Origin of foul-up
adjective, foul·er, foul·est.
- (of the underwater portion of a hull) encrusted and impeded with barnacles, seaweed, etc.
- (of a mooring place) involving inconveniences and dangers, as of colliding with vessels or other objects when swinging with the tide.
- (of the bottom of a body of water) affording a poor hold for an anchor (opposed to clean).
verb (used with object)
verb (used without object)
- Baseball.to be put out by hitting a foul ball caught on the fly by a player on the opposing team.
- Basketball.to be expelled from a game for having committed more fouls than is allowed.
Origin of foul
Synonyms for foul
Antonyms for foul
- a violation of the rules
- (as modifier)a foul shot; a foul blow
- to come into conflict with
- nauticalto come into collision with
Word Origin for foul
Old English ful "rotten, unclean, vile, corrupt, offensive to the senses," from Proto-Germanic *fulaz (cf. Old Saxon and Old Frisian ful, Middle Dutch voul, Dutch vuil, Old High German fül, German faul, Gothic füls), from root *fu-, corresponding to PIE *pu-, perhaps from the sound made in reaction to smelling something bad (cf. Sanskrit puyati "rots, stinks," putih "foul, rotten;" Greek puon "discharge from a sore;" Latin pus "putrid matter," putere "to stink," putridus "rotten;" Lithuanian puviu "to rot").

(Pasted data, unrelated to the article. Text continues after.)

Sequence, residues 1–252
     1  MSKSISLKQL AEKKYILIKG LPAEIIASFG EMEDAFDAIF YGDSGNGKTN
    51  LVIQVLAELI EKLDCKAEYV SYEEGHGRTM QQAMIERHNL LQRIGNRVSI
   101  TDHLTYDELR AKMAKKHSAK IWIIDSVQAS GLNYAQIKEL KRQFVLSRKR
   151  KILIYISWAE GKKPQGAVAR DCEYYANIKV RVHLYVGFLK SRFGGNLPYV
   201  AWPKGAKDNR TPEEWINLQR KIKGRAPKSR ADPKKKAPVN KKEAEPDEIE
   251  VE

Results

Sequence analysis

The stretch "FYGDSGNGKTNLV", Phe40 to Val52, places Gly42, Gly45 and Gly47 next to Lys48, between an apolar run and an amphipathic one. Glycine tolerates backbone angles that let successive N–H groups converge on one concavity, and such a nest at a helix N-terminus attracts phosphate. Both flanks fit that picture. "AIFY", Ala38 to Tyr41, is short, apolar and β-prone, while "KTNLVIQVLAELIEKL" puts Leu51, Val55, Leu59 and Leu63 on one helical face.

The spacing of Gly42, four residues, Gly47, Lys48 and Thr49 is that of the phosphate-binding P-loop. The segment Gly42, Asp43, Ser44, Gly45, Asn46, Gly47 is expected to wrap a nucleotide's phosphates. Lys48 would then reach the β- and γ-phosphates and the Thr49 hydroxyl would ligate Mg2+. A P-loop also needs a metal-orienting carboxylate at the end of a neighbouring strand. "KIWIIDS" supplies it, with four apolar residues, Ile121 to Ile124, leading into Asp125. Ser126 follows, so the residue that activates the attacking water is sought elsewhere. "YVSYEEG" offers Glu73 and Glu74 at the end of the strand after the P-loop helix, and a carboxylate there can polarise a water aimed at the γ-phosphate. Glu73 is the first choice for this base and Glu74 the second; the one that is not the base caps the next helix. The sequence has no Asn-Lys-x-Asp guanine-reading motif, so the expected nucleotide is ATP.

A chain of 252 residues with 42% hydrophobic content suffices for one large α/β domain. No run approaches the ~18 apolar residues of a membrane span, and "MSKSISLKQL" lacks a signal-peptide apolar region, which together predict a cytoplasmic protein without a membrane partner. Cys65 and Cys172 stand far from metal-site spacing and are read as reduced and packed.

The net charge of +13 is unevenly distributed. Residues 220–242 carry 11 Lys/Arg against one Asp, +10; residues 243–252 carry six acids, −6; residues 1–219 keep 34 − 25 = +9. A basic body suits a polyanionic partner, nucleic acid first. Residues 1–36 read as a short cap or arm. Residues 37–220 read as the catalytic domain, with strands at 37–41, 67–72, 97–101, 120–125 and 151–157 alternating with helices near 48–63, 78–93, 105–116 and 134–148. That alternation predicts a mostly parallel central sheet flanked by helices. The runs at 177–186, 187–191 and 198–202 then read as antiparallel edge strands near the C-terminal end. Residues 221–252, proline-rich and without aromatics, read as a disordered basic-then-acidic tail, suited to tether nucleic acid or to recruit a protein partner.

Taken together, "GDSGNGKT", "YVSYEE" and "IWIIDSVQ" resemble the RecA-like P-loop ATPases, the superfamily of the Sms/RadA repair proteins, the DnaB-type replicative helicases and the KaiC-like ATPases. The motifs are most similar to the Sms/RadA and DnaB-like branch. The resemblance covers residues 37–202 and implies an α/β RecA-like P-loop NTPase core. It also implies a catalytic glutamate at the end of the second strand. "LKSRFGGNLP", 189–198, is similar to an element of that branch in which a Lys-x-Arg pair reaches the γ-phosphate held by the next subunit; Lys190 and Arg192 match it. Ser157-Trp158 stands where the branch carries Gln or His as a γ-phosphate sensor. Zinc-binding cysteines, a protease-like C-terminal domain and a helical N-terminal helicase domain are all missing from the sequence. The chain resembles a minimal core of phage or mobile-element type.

Old English ful occasionally meant "ugly" (as contrasted with fæger (adj.), modern fair (adj.)), a sense frequently found in Middle English, and the cognate in Swedish is the usual word for "ugly." Of weather, first recorded late 14c. In the sporting sense of "irregular, unfair" it is first attested 1797, though foul play is recorded from mid-15c. Baseball sense of "out of play" attested by 1860. Foulmart was a Middle English word for "polecat" (from Old English mearð "marten").
Old English fulian "to become foul, rot," from ful (see foul (adj.)). Related: Fouled; fouling.
Blunder or cause to blunder; botch, ruin. For example, He's fouled up this report, but I think we can fix it, or Our plans were fouled up by the bad weather. This expression is widely believed to have originated as a euphemism for fuck up. [Colloquial; c. 1940]
In addition to the idioms beginning with foul
- foul one's nest
- foul play
- foul up
- run afoul of